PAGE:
No matter what Gov. Jerry Brown says in his final State of the State speech Thursday at the state Capitol, there can be little disagreement that he is leaving his successor a much healthier California than the one he inherited from Arnold Schwarzenegger in 2011.
In his first statewide address as governor that year, Brown didn't minimize the challenges ahead. He described the coming legislative session, which he predicted would be "extraordinarily difficult and wrenching" as the state grappled with a huge budget deficit.
"California faces a crisis that is real and unprecedented," Brown told assembled legislators and guests, adding that "kicking the can down the road by not owning an honest budget is simply out of the question."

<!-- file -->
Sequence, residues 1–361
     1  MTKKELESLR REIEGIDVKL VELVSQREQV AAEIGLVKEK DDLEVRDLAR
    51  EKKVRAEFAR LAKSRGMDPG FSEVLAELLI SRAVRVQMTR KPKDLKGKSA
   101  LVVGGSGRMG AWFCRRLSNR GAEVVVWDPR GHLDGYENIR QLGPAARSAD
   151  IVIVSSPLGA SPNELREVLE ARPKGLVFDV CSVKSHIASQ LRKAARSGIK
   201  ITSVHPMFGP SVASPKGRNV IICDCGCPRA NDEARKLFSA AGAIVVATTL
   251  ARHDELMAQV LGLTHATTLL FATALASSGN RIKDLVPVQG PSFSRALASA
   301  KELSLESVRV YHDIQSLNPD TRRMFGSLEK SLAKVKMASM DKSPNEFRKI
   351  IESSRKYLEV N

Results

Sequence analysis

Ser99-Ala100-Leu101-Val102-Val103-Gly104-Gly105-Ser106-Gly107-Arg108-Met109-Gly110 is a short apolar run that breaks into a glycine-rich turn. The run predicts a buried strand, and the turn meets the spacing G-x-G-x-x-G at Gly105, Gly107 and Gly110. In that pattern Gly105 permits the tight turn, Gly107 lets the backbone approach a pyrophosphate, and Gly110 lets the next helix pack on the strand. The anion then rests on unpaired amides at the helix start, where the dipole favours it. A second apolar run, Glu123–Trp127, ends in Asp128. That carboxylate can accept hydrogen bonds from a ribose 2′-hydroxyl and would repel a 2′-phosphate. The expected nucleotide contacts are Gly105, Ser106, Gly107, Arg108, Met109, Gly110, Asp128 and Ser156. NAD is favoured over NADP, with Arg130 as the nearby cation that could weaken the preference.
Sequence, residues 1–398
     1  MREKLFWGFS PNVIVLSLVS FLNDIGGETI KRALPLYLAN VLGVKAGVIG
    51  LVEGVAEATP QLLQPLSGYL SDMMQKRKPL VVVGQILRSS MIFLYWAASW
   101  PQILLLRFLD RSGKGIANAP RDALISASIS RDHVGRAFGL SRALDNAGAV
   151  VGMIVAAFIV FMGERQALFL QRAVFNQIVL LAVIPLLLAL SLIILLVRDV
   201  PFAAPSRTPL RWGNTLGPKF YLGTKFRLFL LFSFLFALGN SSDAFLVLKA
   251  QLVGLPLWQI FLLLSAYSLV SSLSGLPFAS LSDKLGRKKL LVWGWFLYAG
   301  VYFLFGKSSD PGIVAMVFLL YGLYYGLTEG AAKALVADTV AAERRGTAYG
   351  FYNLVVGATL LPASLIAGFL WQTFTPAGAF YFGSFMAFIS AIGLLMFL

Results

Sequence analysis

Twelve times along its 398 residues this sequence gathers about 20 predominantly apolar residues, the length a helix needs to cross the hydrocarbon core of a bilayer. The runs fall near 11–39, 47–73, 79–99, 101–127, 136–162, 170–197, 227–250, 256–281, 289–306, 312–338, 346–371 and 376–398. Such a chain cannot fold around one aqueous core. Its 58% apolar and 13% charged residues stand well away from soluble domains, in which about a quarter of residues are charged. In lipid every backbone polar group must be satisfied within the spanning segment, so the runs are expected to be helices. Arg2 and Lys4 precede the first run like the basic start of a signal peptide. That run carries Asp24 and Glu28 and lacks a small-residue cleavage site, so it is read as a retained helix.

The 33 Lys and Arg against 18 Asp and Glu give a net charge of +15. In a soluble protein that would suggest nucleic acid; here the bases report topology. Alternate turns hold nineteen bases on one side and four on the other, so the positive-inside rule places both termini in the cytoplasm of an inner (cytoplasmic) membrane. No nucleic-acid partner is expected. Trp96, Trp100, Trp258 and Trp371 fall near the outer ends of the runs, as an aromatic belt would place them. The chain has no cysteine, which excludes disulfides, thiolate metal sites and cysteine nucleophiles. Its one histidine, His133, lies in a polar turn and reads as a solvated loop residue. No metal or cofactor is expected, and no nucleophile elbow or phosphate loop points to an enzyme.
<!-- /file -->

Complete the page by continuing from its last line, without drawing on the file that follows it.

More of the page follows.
Indeed, the first budget he signed in June 2011 cut state spending by $15 billion, making changes that helped pave the way for California's economic recovery.
To be sure, the old investment advice "buy low, sell high" applies to politics as well. And Jerry Brown did just that, becoming governor when California and the rest of the nation were mired in economic misery. Unless something dramatically changes in the next year, he will have the benefits of a strong economy for pretty much his entire two terms.
H.D. Palmer with the state Department of Finance points out that Brown faced a budget deficit of more than $27 billion when he took office for the second time in 2011, having first served as governor from 1975 to '83. His administration will end with a state budget surplus of more than $6 billion.
"Absent an economic crisis or a natural disaster, the one thing that his successor will be able to enjoy," Palmer said, "is the fact that the budget will be in good shape and that he or she will not have to immediately deal with the kind of budget crisis that Gov. Brown and many of his predecessors had to deal with as their first order of business after swearing their oath."